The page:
RG Series aircraft batteries contain a pressure relief valve (PRV) that prevents excessive pressure buildup when the battery is being charged, and automatically reseals once the pressure is released. A slight bulge in the battery container (convex end walls) can appear when the internal pressure is above the surrounding atmospheric pressure but not enough to open the PRV. Alternatively, the end walls can flex inward (concave end walls) when the internal pressure is less than surrounding atmospheric pressure. Both of these conditions are normal and do not affect the battery’s operation.

Battery life depends on how often and how long you fly, ground ambient and operational temperatures, and the duty cycle it performs when doing its intended function. An approximate range is 1-5 years for batteries used to start turbine engine, 3-6 years for batteries used to start reciprocating engines, and 5-15 years for emergency back-up batteries.

Concorde has a mature manufacturing process and has made no changes that would adversely affect the life of the battery. There are many factors that affect the battery life. Some questions to ask are as follows: Are you flying your aircraft more frequently or less frequently? Have the ambient temperature conditions been higher or colder due to a change of location? Are the storage temperature conditions different? Are you keeping battery fully charged when not flying? Have you checked your voltage regulator to make sure they are set correctly? Do you have a parasitic load (drain) that is discharging your battery when the aircraft is not in use? Did you leave the master switch on too long such that the battery became deeply discharged? Have you made any changes or upgrades to your aircraft?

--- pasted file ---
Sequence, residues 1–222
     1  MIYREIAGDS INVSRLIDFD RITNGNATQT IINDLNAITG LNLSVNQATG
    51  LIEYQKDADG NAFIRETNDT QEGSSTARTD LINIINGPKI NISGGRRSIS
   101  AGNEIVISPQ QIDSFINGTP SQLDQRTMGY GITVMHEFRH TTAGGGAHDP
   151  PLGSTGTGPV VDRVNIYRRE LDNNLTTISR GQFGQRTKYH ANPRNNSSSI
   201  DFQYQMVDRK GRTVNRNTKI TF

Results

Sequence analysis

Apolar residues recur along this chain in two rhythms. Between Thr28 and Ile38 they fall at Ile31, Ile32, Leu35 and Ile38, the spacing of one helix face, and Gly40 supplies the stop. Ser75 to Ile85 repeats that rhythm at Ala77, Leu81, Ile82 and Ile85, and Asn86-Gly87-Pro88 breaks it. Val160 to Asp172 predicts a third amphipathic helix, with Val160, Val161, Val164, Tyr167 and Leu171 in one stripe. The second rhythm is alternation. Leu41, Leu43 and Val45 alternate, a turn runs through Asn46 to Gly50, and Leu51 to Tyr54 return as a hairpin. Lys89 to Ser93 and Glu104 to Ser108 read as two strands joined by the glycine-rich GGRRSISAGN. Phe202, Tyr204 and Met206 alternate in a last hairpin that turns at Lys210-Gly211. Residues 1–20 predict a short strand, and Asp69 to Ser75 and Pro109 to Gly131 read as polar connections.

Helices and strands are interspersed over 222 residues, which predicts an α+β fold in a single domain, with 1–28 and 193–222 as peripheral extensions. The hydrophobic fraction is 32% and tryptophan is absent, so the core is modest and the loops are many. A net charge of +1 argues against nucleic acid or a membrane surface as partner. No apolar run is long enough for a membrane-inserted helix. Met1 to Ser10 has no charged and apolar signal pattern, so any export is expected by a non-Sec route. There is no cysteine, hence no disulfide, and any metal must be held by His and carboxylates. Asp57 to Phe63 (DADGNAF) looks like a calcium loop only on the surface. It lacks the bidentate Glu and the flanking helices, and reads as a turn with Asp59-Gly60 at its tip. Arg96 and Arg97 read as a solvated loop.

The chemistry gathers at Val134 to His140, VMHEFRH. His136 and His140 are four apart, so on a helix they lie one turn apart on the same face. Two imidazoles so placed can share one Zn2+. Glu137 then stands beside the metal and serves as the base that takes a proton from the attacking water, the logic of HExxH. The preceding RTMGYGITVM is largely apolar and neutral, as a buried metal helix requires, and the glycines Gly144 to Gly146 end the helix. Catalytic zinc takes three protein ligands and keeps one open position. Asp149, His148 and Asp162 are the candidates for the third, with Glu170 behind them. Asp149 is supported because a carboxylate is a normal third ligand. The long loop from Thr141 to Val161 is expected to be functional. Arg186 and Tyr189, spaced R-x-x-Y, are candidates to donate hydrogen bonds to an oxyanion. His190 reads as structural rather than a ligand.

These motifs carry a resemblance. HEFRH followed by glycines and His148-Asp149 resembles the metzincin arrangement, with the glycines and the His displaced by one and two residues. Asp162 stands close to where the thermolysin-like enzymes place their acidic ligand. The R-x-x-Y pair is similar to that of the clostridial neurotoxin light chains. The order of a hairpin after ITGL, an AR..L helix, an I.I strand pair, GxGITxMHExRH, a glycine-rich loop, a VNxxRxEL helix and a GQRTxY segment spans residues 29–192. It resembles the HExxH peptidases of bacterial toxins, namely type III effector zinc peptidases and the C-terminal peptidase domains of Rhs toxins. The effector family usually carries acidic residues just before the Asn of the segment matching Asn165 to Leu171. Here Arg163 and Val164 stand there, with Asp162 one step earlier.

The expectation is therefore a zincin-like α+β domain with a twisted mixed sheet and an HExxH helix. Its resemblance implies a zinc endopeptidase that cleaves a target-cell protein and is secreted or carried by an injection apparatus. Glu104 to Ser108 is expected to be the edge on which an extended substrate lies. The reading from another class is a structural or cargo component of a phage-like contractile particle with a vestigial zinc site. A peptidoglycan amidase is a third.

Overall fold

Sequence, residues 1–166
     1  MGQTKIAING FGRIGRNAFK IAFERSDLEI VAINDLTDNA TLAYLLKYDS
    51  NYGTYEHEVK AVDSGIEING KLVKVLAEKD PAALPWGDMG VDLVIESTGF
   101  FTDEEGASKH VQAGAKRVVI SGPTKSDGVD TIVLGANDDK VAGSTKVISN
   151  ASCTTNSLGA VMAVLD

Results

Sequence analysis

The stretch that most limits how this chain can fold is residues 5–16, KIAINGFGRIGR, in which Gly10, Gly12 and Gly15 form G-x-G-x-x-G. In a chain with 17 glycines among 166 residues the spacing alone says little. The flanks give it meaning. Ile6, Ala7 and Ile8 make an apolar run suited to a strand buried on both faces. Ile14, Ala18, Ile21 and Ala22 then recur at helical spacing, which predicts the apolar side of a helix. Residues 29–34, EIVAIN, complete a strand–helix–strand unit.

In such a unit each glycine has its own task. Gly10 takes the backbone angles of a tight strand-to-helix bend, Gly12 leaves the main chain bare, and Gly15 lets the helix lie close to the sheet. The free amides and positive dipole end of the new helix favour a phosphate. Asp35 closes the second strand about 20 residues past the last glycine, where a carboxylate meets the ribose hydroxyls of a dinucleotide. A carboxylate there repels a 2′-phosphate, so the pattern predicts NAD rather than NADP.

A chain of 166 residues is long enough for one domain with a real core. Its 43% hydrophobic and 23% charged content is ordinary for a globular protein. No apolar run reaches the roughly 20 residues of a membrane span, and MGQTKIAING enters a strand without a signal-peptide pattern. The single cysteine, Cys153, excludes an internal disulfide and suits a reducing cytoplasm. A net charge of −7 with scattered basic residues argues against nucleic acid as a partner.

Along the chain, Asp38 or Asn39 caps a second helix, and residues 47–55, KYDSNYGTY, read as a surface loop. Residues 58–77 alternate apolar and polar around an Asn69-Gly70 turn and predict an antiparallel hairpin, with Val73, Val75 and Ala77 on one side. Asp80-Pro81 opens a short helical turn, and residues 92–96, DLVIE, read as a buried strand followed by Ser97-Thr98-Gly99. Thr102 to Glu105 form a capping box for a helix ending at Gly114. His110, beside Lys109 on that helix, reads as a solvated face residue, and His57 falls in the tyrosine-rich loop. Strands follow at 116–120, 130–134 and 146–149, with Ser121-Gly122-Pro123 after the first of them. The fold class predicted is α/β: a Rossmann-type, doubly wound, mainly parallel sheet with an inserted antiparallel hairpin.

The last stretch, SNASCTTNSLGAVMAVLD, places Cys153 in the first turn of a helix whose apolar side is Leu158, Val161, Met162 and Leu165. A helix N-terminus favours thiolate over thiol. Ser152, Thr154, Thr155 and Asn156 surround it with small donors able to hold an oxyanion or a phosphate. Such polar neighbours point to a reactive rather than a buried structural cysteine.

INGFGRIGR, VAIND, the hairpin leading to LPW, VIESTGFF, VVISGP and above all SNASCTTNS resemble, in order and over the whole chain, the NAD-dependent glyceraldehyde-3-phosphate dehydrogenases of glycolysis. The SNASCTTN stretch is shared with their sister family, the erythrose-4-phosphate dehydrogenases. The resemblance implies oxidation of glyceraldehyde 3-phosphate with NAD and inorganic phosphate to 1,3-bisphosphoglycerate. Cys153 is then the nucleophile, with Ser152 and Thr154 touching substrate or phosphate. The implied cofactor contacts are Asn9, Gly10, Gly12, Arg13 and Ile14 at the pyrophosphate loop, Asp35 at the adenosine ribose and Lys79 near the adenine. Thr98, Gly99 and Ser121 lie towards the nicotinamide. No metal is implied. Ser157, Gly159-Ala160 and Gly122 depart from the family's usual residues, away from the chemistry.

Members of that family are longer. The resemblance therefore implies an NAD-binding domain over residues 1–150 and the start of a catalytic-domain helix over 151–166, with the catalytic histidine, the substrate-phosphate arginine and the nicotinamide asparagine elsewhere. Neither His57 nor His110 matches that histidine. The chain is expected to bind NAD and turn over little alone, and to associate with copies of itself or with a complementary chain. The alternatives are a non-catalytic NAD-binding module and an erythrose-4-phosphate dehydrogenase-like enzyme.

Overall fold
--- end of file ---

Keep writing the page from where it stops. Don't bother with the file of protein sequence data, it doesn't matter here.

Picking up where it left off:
Refer to the applicable CMM for instructions for continued airworthiness. In addition, if the engine starting becomes sluggish even with a fully charged battery, and the starter checks out OK, it is probably time to replace the battery.

Do a conditioning charge in accordance with the CMM listed on Concorde’s website that applies to your battery. Typically, the applicable CMM is Document No. 5-0171. This conditioning charge may restore your battery capacity. If it doesn't, then you will have to replace your battery.

Recharge the battery as soon as possible to prevent permanent sulfation. If it has only been deeply discharged for 24 hours or less, do a normal constant potential charge per the CMM and the battery will not need a capacity test. If it has been longer than 24 hours, check the open circuit voltage (OCV). If the OCV is 20 volts or higher (10 volts or higher for a 12-volt battery), do a conditioning charger per the CMM, followed by a capacity test. If the OCV is less than 20 volts (10 volts for a 12-volt battery), do a deep discharge recovery per the CMM, followed by a capacity test.